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The real story of Radio Caroline

By Steve McGann

This article first appeared as a Charter88 publication in 1995

Why break a butterfly upon the wheel?" Lord Annan, speaking in the House of Lords at Report Stage on the Broadcasting Bill, 5th June 1990.

Government in Britain wields absolute power in a way unknown in other western democracies. Because we are subjects, not citizens, freedom does not belong to us. The freedoms that we have are given us by government - and what government gives, it can take away. So the law is defined by what we are permitted to do, rather than what it is our right to do. The difference is a crucial one. Because we have no power - no rights, no redress - as long as a government commands a Parliamentary majority, it has the right to do more or less as it pleases. It is licensed dictatorship.

But it is British. And for that, we celebrate it. It's an expression of our non- conformity as a nation. It's unique. It's our way of doing things.

We love being different! The imperial mile, right-hand-drive, the pinta on the doorstep - we do things our way. Though we like to know where we stand - to feel safe - we keep a special place in our hearts for those who are different. The 'lovable eccentric' has become a national icon - proof of a very British tolerance.

Yet the very individuality we cherish will always be in danger of running up against the logic of British power. Our subjecthood dictates that ultimately we must do what our rulers tell us. This is all well and good as long as government, like a good parent, acts in our best interests. But what if our parent seems more preoccupied with having the last word than doing the right thing?

Six years ago, Peter Moore's activities led him into direct conflict with Her Majesty's Government. The Essex police, the Royal Air Force and assorted government officials joined forces in an operation to put him out of action. New laws, and amendments to existing ones, made what he was doing illegal. Prison sentences could be imposed on people who helped him. Finally, a forced entry was made at his place of work to confiscate and destroy his equipment.

What on earth was Peter Moore doing? Was he a spy? A terrorist? A drug dealer? Was he plotting an invasion? Was he a dangerous subversive? An enemy of the people? A threat to national security?

Not quite.

Peter Moore was the manager of a radio station called Radio Caroline.

And the crime?

Caroline was broadcasting pop music without a licence.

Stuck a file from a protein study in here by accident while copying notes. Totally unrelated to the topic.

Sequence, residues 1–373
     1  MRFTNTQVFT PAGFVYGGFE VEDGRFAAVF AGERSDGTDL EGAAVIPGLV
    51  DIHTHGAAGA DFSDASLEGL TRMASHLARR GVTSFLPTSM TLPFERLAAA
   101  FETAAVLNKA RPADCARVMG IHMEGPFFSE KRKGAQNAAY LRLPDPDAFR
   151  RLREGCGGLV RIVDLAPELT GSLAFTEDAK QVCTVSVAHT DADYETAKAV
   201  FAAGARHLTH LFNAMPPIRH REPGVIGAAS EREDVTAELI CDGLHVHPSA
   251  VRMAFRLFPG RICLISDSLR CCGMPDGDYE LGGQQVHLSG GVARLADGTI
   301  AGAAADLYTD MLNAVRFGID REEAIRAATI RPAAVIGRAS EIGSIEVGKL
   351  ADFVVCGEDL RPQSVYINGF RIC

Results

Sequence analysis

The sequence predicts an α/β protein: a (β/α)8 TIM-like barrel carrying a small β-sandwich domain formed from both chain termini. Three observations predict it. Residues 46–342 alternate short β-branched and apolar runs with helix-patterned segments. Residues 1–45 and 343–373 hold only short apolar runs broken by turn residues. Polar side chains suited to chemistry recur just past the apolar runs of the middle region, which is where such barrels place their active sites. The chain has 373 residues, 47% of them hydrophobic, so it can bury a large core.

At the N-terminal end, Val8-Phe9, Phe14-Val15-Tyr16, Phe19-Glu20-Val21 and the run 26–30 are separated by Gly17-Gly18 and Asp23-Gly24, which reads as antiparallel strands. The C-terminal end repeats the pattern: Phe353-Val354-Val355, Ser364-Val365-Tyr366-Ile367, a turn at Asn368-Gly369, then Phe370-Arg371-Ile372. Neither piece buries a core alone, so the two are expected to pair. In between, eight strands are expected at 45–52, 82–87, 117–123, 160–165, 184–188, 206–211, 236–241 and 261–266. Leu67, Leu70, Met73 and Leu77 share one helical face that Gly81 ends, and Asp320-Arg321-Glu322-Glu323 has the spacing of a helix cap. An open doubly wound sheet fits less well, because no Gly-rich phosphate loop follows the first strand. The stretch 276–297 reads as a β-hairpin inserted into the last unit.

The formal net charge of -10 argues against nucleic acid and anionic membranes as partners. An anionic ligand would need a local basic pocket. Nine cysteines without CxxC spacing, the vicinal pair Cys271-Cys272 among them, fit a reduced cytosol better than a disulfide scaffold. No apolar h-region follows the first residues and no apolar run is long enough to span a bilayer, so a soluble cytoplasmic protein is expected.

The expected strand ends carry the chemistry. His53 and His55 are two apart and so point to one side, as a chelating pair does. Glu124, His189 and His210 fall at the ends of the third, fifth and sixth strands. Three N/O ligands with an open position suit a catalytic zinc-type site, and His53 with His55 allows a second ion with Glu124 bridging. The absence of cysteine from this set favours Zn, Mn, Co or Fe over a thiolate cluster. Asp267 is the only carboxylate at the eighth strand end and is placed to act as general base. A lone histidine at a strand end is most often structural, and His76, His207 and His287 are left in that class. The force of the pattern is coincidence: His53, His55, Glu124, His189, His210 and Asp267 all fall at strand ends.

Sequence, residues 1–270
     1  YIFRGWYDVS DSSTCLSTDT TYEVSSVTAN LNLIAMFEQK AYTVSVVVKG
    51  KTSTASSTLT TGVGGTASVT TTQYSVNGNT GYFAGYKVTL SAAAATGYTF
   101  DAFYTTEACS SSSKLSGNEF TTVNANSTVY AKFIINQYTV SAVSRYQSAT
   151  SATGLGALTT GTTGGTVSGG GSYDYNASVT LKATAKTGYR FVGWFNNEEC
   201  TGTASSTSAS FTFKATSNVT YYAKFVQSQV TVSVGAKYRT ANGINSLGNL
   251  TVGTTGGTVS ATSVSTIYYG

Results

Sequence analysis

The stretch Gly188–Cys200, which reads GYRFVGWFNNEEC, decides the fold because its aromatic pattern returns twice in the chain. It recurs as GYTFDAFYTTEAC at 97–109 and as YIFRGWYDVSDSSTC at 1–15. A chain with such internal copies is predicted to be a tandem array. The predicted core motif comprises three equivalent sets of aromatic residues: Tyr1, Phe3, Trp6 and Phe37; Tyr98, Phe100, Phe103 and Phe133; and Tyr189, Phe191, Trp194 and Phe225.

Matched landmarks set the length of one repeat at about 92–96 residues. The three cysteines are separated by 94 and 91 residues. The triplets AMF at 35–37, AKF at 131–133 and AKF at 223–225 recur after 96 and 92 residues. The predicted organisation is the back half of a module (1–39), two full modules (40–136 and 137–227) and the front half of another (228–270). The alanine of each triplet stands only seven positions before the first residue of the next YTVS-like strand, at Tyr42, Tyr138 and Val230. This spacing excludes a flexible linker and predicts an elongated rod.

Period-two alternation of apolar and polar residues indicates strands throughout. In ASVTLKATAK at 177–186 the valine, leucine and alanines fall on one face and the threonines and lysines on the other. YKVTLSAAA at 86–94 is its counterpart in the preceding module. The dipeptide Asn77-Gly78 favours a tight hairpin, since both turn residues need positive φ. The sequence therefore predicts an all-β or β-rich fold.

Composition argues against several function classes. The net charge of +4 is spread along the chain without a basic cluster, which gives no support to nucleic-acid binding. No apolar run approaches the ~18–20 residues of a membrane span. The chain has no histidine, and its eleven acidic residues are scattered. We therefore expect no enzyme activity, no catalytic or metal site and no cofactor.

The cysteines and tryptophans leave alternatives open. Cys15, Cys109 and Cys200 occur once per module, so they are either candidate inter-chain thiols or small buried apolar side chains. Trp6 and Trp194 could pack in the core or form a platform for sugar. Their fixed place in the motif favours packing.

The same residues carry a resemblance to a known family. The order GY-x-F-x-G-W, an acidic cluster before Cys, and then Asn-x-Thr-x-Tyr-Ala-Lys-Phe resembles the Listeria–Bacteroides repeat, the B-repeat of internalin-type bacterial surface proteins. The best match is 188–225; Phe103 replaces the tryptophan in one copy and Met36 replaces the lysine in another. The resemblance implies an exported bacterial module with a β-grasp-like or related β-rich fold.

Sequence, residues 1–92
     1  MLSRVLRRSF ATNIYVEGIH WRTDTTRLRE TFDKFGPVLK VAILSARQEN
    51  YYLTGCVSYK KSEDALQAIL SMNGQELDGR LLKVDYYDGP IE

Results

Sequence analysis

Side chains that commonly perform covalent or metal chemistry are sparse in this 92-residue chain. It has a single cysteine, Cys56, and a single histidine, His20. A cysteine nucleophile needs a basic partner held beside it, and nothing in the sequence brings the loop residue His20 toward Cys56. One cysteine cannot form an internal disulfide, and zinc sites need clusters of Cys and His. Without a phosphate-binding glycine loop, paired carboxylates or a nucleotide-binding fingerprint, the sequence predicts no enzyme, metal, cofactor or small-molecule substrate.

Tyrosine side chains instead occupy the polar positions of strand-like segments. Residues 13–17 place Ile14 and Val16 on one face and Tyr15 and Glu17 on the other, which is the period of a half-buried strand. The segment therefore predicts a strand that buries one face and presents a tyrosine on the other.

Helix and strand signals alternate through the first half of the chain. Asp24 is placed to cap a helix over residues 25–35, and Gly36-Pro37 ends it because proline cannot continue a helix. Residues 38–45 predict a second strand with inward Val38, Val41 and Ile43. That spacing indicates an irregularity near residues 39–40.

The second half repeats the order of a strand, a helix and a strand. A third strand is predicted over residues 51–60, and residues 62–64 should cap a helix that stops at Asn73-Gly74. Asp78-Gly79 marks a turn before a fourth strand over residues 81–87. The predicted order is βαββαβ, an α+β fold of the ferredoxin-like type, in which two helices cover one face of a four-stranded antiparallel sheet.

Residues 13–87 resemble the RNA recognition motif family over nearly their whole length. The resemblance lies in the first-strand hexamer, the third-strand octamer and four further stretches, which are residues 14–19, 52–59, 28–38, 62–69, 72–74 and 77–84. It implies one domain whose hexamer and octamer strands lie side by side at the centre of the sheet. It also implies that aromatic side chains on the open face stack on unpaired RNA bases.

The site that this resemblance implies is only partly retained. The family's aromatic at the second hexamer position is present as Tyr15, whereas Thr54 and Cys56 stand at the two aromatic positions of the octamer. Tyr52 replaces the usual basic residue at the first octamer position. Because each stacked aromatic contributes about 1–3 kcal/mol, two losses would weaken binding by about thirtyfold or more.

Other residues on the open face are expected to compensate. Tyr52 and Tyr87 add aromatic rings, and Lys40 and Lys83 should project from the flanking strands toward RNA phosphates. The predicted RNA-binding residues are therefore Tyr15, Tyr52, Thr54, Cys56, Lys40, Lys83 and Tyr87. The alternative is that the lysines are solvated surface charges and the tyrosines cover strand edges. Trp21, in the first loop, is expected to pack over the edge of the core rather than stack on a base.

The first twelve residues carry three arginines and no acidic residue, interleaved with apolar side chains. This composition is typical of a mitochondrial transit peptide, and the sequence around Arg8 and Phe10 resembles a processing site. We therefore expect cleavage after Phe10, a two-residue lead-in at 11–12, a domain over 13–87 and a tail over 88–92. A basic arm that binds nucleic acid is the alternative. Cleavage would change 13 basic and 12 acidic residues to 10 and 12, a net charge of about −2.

Radio Caroline was a British institution. It operated on and off for over 25 years, broadcasting from small vessels anchored off the British coast. The first 'pirate' radio station, it first went on air in 1964, when British youth culture was finding a distinctive sound, and BBC radio was still stuck in the music of the fifties.

In the early 60s, Radio Luxembourg was the only station that played the new music, but it was tightly controlled by the big four record companies and therefore restricted. So Ronan O'Rahilly, who managed the singer Georgie Fame, decided to do something about it. He bought a Danish passenger vessel, the Fredericia, and fitted it out with a radio transmitter. Ronan re-named it Caroline, after the late President Kennedy's daughter. Caroline put to sea on 27th March 1964, and began broadcasting a day later. She was the first independent radio station, the start of a revolution in British broadcasting - and the beginning of a long war with the British authorities, conducted under both Labour and Conservative administrations.

Caroline was an instant hit. Rival pirate stations were soon setting up their own services, some operating from ships, others from old forts in the Thames estuary. New music filled the airwaves, and a generation of young Brits thrilled to the new phenomenon of the 'disc jockey'. People who would later become household names were heard for the first time; Tony Blackburn, Simon Dee, Dave Lee Travis. The Swinging Sixties had well and truly arrived.

But all these stations were free from any sort of government control. Something was bound to happen, and on 14th August 1967, it did - with a vengeance. The Marine & Broadcasting (Offences) Act became law. To the pirate stations, it became known as Black Monday.

While it is not surprising that some form of regulation would follow the boom in pirate radio, the M&B;(O)A was an astonishingly harsh response. It was difficult to regulate those who operated in international waters, but the Act took a draconian approach to those within its aegis.

For example, any British subject found assisting an offshore radio station - supplying it with food, fuel or equipment, for instance - could face a two year prison sentence or a hefty fine. The law has always allowed for the accessory to a crime to be punished, but the M&B;(O)A stretched that logic to breaking point. We do not punish a petrol pump attendant for filling the tank of a driver with convictions for speeding.

The M&B;(O)A made it clear that government wanted to stamp out pirate radio completely, and was willing to use a pretty big stick to do so. By midnight of the day it was enacted, all the offshore radio stations had closed down.

All except one.

Radio Caroline had decided to tough it out. For the next 22 years she would do just that.

Financial difficulties plagued her for the next five years, but by 1972 she was broadcasting once again from another vessel, the Mi Amigo, in international waters off the Essex coast. The government stepped up its monitoring. In November 1975 she accidentally strayed into British waters. The Essex police, with Home Office officials, boarded her and shut her down. Her captain, engineer, and two DJs were charged under the M&B;(O)A. A week later, Caroline was up and running again.

In 1976, action against those who assisted Caroline increased considerably. DJs and tender operators were charged. In one extraordinary case, John Jackson-Hunter, an 'ordinary' fan, was prosecuted for displaying a Radio Caroline sticker in his car!

In 1980, the Mi Amigo sank in a storm, and it seemed that where government had failed, the elements had succeeded. But by 1983 Caroline was back on the air, transmitting from a converted Atlantic trawler called the Ross Revenge. Once more, the authorities began to monitor her. Those who supplied the ship were arrested, as was DJ Andy Archer. In 1985, the government chartered the Dyoptric Surveyor to monitor her and another station, Laser, at a cost of 100,000 to the taxpayer. Shortly afterwards, Britain's territorial limits were extended. Caroline was forced out into the harsher waters of the North Sea.

By now, there was a perception aboard Caroline that things were getting extremely personal. When Howard Beer was found guilty at a Southend court of delivering fuel to the Ross Revenge, the judge sentenced him to nine months imprisonment. He appealed, the sentence was reduced, but he still spent seven weeks in jail.